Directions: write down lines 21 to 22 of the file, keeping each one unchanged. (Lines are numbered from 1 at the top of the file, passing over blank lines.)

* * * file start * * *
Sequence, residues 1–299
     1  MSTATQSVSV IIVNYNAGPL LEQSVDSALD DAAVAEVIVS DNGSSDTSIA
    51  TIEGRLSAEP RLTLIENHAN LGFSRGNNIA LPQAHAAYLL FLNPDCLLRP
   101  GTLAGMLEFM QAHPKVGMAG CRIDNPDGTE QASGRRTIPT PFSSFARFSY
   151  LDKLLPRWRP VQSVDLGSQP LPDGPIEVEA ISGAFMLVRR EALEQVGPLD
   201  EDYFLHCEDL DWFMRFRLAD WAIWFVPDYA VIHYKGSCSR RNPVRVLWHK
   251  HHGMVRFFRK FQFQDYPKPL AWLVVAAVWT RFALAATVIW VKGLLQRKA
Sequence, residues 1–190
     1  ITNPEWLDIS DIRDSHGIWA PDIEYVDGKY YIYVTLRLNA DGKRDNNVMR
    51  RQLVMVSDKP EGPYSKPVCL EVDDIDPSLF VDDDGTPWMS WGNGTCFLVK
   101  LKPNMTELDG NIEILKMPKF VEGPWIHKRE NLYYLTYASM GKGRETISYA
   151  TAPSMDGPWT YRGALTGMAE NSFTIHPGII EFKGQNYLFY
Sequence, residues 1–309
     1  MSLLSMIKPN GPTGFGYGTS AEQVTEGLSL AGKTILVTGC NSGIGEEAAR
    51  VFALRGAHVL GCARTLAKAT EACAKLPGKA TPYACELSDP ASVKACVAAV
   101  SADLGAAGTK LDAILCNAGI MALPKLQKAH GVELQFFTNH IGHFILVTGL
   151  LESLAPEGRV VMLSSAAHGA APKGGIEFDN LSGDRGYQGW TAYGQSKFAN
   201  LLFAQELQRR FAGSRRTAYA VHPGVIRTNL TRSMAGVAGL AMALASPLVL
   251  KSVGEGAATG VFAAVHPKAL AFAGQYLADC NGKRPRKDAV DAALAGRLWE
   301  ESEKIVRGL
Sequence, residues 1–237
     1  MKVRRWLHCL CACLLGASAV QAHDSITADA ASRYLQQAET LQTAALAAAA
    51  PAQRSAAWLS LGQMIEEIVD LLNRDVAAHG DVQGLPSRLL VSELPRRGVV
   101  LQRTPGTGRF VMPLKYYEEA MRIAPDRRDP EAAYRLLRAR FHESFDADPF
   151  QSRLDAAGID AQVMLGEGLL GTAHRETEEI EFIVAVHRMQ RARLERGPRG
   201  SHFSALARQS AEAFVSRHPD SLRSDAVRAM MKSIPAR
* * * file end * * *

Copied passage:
Sequence, residues 1–237
     1  MKVRRWLHCL CACLLGASAV QAHDSITADA ASRYLQQAET LQTAALAAAA